Nashville Public Library has won the nation’s top prize for libraries and museums. The library’s director will soon head to the White House to receive the Institute for Museum and Library Services’ National Medal. Only five libraries will receive the award this year.
Nashville Library Director Donna Nicely grins broadly as she calls the medal a “once in a lifetime” prize.
She says it recognizes programs that extend into the community, like letting teachers and students check out the public library’s books through their schools or sending puppet troupes into day care centers. It also honors her staff’s wide-ranging efforts to familiarize Nashvilians with the cultures of the city’s’ immigrant groups. And Nicely says it’s a seal of approval for attempts to make each branch library more than just a place to study.
“We’ve evolved into a thriving, vibrant community center of life. I like to think of it as our civic living room. And so we respond to what the community enjoys about literature and learning and education.”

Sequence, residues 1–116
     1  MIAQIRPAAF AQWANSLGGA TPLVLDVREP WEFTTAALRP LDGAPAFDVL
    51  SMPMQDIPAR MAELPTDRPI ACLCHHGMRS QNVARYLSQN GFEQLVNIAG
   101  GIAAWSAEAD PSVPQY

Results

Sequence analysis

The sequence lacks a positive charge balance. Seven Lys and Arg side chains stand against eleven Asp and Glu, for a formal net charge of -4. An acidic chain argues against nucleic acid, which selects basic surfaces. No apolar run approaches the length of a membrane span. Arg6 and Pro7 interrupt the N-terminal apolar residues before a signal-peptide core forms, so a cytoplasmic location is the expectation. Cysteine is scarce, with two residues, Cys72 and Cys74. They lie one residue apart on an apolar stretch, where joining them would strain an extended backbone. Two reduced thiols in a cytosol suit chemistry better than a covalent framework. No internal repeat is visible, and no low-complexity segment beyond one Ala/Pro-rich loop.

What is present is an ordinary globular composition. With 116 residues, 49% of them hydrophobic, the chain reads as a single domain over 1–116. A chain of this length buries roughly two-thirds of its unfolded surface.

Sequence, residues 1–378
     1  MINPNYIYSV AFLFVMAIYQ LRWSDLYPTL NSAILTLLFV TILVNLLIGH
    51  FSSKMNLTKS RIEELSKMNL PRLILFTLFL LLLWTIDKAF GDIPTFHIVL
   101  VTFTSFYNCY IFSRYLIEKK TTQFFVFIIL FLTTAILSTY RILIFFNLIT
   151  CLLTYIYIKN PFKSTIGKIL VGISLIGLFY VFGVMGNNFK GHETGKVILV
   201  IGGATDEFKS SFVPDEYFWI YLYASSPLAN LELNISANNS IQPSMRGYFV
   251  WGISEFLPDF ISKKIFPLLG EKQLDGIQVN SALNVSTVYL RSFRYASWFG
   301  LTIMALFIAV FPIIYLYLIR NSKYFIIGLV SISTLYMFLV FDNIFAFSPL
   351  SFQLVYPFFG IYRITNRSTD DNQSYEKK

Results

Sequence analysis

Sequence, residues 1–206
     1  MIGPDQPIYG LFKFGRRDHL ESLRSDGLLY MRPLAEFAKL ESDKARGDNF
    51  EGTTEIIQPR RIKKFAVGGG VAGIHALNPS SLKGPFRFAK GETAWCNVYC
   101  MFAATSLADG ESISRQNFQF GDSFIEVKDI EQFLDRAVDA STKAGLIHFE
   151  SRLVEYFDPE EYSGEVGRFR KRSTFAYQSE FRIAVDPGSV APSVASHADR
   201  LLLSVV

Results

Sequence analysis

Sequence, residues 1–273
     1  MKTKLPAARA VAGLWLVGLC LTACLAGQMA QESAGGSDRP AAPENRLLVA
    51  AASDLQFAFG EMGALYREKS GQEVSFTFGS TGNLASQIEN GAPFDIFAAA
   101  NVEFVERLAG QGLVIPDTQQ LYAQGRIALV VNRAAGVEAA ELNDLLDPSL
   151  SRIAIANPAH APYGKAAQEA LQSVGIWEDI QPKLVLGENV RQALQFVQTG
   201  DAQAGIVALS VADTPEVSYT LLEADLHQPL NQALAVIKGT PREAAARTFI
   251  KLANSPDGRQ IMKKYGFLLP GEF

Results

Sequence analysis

The Institute is also giving Nashville’s library additional recognition for a series of exchanges with Magdeberg, Germany. The special relationship began because the German city has a long tradition of puppetry, as does the library. It deepened when the library sent an exhibit about Nashville’s Civil Rights struggle to Magdeberg and exhibited one here about the fall of the Berlin Wall.
The medal comes with a week’s visit from Story Corps and a 10-thousand dollar prize. Nicely says she’ll visit every branch library this week to thank and congratulate each staff member in person.